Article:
About a year ago, I received the assignment of guiding Prince Albert of Monaco to the South Pole. In addition I have worked closely with Mike Horn on his Pangaea Project. I have brought to fine young participants with me so they can join him for part of it; we met up with him a couple of days ago. Mike is here primarily on an extended solo expedition.
My primary task is to serve as guide for Prince Albert, providing the planning, equipment and logistics for him and his three companions. As mentioned, Clèmence and Nicholas are here to participate in Project Pangaea. They are two of twelve participants selected from several hundred applicants. The project lasts several years.
Those selected have undertaken intense training outside Geneva and at a number of other sites in Switzerland, including high up in the Alps. Some will sail, others hike vast distances on foot or ski, which is what these two are doing. Clèmence is 20 years old and French, while Nicholas is 18 and comes from Chile.
I find it very satisfying to have them along, and they have clearly risen to the challenge. An expedition like this is a very new experience for them, yet they come prepared.
The three of us came by air to Punta Arenas, Chile. Here we met Prince Albert and his three companions, really enjoying our time together in what is called the southernmost city in the world. On 8 January we all flew to Patriot Hills, a camp that is a much-used point of entry for Antarctica.
Testing our equipment – and ourselves
This flight took all night. We spent the day of our arrival, 9 January, skiing, testing equipment, making final adjustments, practicing pitching tents and the like. It is vital to make sure that you have full control before confronting the Antarctic Plateau – where winds can be fierce and the cold merciless.
On 10 January, the young Frenchman, Chilean and I flew south to meet Mike Horn. He had been on his own for 40 days, skiing from Hercules Inlet with his sight set on the Pole. It was a great reunion! My old tent buddy and I had a great talk that evening.
The following day, 11 January, the four of us skied, putting 16 km behind us. That is excellent on the first day! Bear in mind that we suddenly find ourselves at almost 3000 metres altitude; the two first-timers did well. Such an abrupt transition is taxing, and we were exhausted at day’s end – exhausted but satisfied.
“The Boss” arrives
As we were pitching came, Prince Albert arrived as planned, flying in from Patriot Hills. His group had brought a larger tent, and inside we prepared a delicious Swiss fondue! This is a dish that Mike and I were served at Ice Station Barneo, after completing our winter expedition to the North Pole – so it triggered many fond memories. I suppose that explains our choice of menu; this was kind of a reunion party.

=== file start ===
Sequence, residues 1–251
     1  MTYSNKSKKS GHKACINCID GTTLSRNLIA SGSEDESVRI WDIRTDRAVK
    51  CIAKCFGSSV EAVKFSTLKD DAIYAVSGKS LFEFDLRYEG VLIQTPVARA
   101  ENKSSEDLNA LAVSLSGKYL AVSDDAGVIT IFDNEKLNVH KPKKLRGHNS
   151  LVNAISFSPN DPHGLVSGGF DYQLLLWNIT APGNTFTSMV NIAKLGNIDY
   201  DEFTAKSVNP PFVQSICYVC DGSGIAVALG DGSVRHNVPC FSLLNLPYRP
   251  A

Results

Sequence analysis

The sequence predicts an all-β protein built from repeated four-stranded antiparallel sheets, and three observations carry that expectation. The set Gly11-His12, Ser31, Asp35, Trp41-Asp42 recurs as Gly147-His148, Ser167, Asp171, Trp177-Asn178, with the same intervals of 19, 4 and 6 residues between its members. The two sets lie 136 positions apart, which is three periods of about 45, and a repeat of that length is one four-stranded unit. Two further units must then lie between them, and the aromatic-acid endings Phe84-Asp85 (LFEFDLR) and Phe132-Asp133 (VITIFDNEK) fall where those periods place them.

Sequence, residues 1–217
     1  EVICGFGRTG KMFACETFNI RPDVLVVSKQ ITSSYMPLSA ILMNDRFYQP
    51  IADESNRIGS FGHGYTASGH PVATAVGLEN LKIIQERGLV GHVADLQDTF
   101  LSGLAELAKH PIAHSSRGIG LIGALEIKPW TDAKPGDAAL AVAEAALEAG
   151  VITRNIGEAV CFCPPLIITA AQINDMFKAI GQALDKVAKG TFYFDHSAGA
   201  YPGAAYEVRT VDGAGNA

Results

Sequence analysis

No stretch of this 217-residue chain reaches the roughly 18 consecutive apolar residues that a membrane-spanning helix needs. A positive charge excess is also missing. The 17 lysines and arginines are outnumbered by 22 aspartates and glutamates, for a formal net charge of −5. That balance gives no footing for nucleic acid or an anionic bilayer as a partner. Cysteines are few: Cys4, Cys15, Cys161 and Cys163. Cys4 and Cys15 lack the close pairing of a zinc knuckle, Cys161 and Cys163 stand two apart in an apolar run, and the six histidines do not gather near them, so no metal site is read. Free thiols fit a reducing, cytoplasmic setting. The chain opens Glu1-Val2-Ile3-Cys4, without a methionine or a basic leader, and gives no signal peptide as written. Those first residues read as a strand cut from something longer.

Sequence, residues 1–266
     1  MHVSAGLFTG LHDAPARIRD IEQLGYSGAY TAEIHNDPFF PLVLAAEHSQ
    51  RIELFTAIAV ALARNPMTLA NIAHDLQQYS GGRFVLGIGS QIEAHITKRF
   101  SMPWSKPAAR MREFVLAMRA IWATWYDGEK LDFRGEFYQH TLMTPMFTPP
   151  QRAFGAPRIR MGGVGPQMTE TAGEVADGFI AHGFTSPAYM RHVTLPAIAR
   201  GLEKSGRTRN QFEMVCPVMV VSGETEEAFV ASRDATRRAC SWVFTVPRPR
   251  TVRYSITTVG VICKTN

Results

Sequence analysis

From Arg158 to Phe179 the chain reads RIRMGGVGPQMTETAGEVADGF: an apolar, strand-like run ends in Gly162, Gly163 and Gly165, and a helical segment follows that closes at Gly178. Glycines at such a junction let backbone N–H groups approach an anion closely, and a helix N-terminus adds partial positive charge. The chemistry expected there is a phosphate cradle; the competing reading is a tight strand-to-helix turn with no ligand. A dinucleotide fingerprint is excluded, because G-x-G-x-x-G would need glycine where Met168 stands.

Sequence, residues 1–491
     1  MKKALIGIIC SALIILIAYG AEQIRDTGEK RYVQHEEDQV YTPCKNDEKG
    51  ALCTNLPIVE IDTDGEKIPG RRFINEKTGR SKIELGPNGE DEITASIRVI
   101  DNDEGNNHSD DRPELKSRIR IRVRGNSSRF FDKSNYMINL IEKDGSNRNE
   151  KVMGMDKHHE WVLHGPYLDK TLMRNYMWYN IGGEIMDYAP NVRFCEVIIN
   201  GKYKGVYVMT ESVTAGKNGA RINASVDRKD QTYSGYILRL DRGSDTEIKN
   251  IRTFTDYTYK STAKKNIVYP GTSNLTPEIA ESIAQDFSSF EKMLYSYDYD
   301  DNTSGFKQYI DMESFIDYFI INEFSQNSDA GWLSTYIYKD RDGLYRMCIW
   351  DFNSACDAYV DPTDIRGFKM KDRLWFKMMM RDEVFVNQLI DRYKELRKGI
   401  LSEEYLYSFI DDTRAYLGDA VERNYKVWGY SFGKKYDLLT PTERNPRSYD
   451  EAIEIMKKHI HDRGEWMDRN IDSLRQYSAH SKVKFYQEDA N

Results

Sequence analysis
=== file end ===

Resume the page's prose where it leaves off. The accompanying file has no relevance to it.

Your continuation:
Yesterday, which was 12 January, the enlarged group spent the entire day out on the ice, pressing south. Prince Albert and everyone else had a wonderful time, and the weather was excellent; granted that the thermometer showed –28˚C, but there was little wind to bother us. We had an opportunity to experience Antarctica at its very best. Prince Albert enjoyed the beautiful, exotic surrounding – it was great to see how he savoured the moment, clearly realizing what this was all about.
Since we started at 88˚50’S, we could not possibly reach the South Pole in a day. And since Prince Albert has a comprehensive programme and is on a tight schedule, we flew closer to our goal. Last night we slept in our tents, and we have just finished our breakfast of oatmeal porridge. Today’s objective is to reach the South Pole itself. There Prince Albert will leave us, journeying on to visit each of the research stations on the Antarctic continent. Mike and I, on the other hand, will return by air with Clèmence and Nicolas to a position near 88 degrees latitude, accompanying mike on this leg of his Antarctic journey – and undertaking our own “Last Degree” expedition.
Prince Albert is here because he is very concerned with what is happening in the world, and in particular how the climate changes are impacting on the Arctic and Antarctic. He has previously journeyed to the North Pole. Monaco just signed the Antarctic Treaty; Prince Albert is the kind of person who insists on seeing things himself, experiencing this continent first hand. However, he was not satisfied to just shuffle from base to base by aeroplane; he wanted to get a taste of what the explorers of yesteryear experienced. This was, of course, a mini-expedition, but it followed the route of so many others that have gone before.
We are about to start our day. In just two hours I expect we shall be trudging on, striving for the South Pole. It will be a fine adventure for all of us to accompany Prince Albert on this expedition.